The parent of Standard & Poor's said it was in active settlement talks with federal and state regulators over its ratings on six commercial mortgage-backed securities.
McGraw Hill Financial Inc. took a $60 million charge in the third quarter for a possible accord, which is unrelated to the U.S. Department of Justice's $5 billion lawsuit against S&P.
The charge contributed to a 12 percent decline in McGraw Hill's profit from a year earlier. Adjusted operating profit, however, rose 24 percent, topping analysts' forecasts and sending McGraw Hill's share price to a record high.
In July, McGraw Hill disclosed that it had received a "Wells notice" from the U.S. Securities and Exchange Commission indicating that the regulator might file a civil enforcement action over the securities, which were issued in 2011.
On a conference call, Chief Executive Douglas Peterson said the possible settlement would resolve that matter, as well as investigations by the attorneys general of New York and Massachusetts, Eric Schneiderman and Martha Coakley.
S&P spokeswoman Catherine Mathis, SEC spokesman John Nester, Schneiderman spokesman Matt Mittenthal and Coakley spokeswoman Jillian Fennimore declined to comment.
Separately, S&P said the SEC had decided not to take any enforcement action following a three-year probe into its ratings for a 2007 offering, Delphinus CDO 2007-1.
S&P's commercial mortgage-backed securities business suffered a setback in July 2011 when the rating agency discovered a methodology error and withdrew its ratings on a $1.5 billion commercial real estate offering arranged by Citigroup Inc. and Goldman Sachs Group Inc.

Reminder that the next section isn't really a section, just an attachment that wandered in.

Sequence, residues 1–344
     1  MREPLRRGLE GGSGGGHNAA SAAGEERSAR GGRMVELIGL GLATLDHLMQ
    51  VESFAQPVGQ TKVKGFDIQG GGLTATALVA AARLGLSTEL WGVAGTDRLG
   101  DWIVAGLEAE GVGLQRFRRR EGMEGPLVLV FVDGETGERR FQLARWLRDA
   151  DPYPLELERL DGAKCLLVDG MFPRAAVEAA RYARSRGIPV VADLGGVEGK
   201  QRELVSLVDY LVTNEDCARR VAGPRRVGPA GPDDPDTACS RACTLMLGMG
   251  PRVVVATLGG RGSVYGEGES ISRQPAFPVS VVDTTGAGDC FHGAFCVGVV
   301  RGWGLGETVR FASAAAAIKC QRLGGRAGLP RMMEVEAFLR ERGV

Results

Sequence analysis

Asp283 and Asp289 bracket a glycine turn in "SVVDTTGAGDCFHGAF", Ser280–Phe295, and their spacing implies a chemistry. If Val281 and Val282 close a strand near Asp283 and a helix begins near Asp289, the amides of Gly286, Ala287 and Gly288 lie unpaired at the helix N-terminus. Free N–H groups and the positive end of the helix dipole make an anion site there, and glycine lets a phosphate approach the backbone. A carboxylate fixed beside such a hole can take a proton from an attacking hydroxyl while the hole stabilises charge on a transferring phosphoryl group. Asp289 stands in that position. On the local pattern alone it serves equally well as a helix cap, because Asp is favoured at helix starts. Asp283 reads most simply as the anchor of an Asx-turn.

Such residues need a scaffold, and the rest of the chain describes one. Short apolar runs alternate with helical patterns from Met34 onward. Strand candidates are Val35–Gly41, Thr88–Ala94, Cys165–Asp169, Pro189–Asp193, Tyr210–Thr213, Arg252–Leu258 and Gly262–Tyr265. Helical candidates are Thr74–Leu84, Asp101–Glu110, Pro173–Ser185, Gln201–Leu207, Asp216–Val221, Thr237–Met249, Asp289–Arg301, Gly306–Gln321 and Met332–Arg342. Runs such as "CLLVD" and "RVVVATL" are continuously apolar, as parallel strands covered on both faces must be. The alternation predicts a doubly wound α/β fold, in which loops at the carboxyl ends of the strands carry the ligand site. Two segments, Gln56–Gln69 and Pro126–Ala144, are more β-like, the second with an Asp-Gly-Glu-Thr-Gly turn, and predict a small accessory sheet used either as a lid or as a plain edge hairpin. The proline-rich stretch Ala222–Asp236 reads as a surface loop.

The Justice Department lawsuit arose from activity predating the 2008 financial crisis.
Filed in February 2013, that lawsuit accused S&P of inflating its ratings to win more business from issuers and failing to downgrade troubled mortgage-backed debt fast enough.
That case is being handled in Santa Ana, California, and a trial is not expected before September 2015. Many U.S. states are pursuing similar lawsuits in their respective courts.
S&P's main U.S. rivals, Moody's Corp.'s Moody's Investors Service and Fimalac SA's Fitch Ratings, do not face similar lawsuits.
In the third quarter, McGraw Hill's profit fell to $190 million, or 69 cents per share, from $215 million, or 77 cents a share, a year earlier.
The New York-based company said operating profit adjusted for items was $1.02 per share. Analysts on average expected 94 cents, according to Thomson Reuters I/B/E/S. Revenue rose 10 percent to $1.26 billion.
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